Well, this is it, ladies and gentlemen. Since 2001, I’ve enjoyed taking my theatrical trips to Middle Earth and seeing some of the most amazing fantasy adventures ever brought to life onscreen. That may seem cheesy, but it’s true. Now we have the last film of the entire saga of Middle Earth, The Hobbit: The Battle of the Five Armies. This is the big one. This is what everything in the last two movies has been leading up to, and this is also the bridge that takes us into the Lord of the Rings trilogy, so this movie has some pretty big boots to fill, Hobbit feet sizes to be exact.
Picking up right where The Desolation of Smaug left off, the movie begins with the evil dragon Smaug (Benedict Cumberbatch) attacking Lake-town, but upon his defeat the kingdom under the mountain, Erebor, and all of its riches are up for grabs. Thorin (Richard Armitage) claims it, and commands the dwarves and Bilbo (Martin Freeman) to obsessively search for the Arkenstone that he and Smaug so coveted. Meanwhile, Bard (Luke Evans) and the elf king Thranduil (Lee Pace) begins moving on Erebor to get their share of the treasure, while Azog (Manu Bennet) and his army of goblins, orcs, and trolls get ever closer to attacking the mountain, themselves, and ending Thorin’s bloodline once and for all.
What’s great about the title of this movie is that it really is one of the more accurate titles to a movie I’ve ever seen. It’s called The Battle of the Five Armies, and that’s pretty much exactly what the movie is: one enormous battle. You can kind of see similarities with The Return of the King, that movie also pretty much being one huge battle, but that one did it far better. There are a lot of small problems that find their way into The Battle of the Five Armies that don’t quite ruin the experience, but they really stand out when I think about the movie. Still, this is a superb fantasy film that was a satisfying last trip into Middle Earth.
Here’s the thing. This movie is almost non stop and at times, that began to wear on me. At a point it is just a battle with scene after scene after scene of fighting. Now, don’t get me wrong, this movie is epic and the battle scenes are great, but there seems to be so much going on that the special effects go completely haywire. There’s one character in particular who looks like Jackson grabbed him from The Polar Express, put dwarf armor on him and just threw him into the movie. It was distracting as all hell and pulled me out of the movie on more than one occasion. Another issue is that this movie feels like a log flume with no splash. The entire movie, hell the entire trilogy, is building up to that big splash at the end, and it just isn’t as impactful as it should have been. Now, I’m sick of being negative here. Let’s look at the positives.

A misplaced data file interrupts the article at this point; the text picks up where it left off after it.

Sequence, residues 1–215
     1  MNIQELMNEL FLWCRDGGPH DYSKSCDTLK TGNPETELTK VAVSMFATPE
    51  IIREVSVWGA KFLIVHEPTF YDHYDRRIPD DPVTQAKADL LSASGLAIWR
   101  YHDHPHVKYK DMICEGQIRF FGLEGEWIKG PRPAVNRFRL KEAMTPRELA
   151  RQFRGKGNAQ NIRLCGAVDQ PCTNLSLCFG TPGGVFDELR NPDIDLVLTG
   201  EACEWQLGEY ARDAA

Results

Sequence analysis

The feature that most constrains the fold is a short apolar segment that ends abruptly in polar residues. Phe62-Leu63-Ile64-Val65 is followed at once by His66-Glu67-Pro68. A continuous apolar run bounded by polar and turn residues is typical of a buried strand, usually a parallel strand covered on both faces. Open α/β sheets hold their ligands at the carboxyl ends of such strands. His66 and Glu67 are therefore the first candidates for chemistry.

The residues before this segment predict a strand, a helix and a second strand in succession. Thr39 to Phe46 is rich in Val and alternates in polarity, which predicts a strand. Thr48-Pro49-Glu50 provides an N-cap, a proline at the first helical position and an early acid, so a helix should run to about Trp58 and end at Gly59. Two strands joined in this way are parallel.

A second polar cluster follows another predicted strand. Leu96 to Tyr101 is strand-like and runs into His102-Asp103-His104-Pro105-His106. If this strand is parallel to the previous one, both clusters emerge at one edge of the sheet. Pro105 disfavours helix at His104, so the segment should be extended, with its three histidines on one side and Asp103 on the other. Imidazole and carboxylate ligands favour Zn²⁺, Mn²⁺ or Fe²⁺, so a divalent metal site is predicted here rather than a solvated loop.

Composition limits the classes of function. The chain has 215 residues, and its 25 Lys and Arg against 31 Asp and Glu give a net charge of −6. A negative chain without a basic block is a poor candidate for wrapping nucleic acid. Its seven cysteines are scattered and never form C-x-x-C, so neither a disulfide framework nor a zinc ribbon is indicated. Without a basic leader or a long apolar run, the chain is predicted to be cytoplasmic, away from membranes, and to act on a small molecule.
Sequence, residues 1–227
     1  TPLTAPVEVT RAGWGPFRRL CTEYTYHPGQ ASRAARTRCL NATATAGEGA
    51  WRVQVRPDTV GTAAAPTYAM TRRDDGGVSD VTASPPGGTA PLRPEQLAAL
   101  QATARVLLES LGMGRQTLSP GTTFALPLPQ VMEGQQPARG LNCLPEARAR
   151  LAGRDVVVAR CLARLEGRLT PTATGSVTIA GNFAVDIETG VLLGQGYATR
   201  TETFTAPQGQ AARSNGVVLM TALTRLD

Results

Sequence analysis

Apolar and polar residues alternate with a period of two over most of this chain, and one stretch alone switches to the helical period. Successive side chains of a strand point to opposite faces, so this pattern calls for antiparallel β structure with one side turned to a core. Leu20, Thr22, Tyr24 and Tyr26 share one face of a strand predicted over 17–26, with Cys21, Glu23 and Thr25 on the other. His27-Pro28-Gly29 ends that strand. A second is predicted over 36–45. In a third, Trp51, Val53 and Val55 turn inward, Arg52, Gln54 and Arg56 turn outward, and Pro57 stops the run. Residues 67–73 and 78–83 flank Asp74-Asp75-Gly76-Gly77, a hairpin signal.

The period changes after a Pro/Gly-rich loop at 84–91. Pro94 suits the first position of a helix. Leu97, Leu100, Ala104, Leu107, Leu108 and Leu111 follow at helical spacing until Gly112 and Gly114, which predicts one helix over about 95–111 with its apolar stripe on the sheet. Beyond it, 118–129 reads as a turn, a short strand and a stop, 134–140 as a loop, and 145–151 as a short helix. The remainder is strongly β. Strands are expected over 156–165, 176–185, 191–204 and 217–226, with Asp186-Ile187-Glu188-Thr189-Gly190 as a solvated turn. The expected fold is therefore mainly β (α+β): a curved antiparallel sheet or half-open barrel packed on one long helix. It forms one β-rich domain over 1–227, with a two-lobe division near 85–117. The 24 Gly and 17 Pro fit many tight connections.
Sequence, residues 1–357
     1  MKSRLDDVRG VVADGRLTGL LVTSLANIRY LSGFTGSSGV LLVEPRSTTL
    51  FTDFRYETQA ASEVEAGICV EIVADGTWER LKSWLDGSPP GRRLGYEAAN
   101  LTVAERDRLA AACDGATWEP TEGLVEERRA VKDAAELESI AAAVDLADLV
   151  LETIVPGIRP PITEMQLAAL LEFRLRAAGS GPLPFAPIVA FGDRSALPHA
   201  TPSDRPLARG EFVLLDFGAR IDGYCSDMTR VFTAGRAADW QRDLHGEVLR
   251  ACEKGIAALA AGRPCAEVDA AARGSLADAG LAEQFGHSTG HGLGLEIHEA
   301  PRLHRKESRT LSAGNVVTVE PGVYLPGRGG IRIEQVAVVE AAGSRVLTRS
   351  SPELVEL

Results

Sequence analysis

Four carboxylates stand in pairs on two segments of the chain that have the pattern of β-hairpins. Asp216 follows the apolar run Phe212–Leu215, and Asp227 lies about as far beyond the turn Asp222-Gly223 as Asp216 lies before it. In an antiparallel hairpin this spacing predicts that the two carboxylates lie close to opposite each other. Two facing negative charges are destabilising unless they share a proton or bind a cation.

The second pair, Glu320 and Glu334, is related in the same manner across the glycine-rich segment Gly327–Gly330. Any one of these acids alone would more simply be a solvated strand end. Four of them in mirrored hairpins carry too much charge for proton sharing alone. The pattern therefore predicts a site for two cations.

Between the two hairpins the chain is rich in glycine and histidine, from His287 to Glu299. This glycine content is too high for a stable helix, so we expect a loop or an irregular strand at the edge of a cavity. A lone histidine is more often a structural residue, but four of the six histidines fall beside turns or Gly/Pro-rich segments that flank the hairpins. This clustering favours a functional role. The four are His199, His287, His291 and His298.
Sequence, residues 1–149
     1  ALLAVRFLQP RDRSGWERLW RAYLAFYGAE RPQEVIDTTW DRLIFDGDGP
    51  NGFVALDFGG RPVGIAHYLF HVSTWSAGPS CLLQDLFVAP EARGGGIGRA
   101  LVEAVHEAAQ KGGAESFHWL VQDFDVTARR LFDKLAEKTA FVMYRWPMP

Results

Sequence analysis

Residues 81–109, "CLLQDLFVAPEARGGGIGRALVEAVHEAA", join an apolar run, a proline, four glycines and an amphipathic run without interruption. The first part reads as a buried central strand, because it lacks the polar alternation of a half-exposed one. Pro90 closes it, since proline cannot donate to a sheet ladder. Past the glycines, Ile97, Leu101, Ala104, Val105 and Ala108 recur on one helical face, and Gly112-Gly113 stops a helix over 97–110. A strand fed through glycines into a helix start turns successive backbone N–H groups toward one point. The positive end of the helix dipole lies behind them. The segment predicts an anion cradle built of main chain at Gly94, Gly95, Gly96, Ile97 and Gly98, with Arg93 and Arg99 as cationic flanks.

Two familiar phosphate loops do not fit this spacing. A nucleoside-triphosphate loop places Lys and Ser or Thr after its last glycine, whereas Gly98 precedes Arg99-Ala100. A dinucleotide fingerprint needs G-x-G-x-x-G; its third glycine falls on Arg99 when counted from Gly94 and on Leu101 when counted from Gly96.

As always, everyone in this movie is great. Martin Freeman, Ian McKellan, Richard Armitage (playing an almost Shakespearean character), and Benedict Cumberbatch all knock it out of the park. They’re characters we love, or characters we love to hate so it’s always a blast seeing them all again. I said before that the fighting started to wear on me, sure, but it is an epic battle nonetheless. Seeing dwarves and elves working together against orcs is just breathtaking to see, but add a hobbit with a ring of power and a wizard with amazing abilities, and it all equals exactly what I want to see when the lights in the theater go down and I’m transported to Middle Earth.
The Hobbit: The Battle of the Five Armies may not be the best in the entire saga, but after some thought, I think it might be my favorite of the Hobbit trilogy, with The Desolation of Smaug giving it a run for its money. Hell, they might even be tied. There are flaws with the special effects, a boring love triangle, and some odd pacing (and I don’t mean Lee Pace and his elk), but that’s not to say that this isn’t a great experience. To see how these movies and the Lord of the Rings movies come together and all of the battles that went on before the real Battle for Middle Earth began is just awesome. These movies, this one included, will never be as recognized or appreciated as Jackson’s previous Middle Earth films, but this is still a really great movie, nonetheless.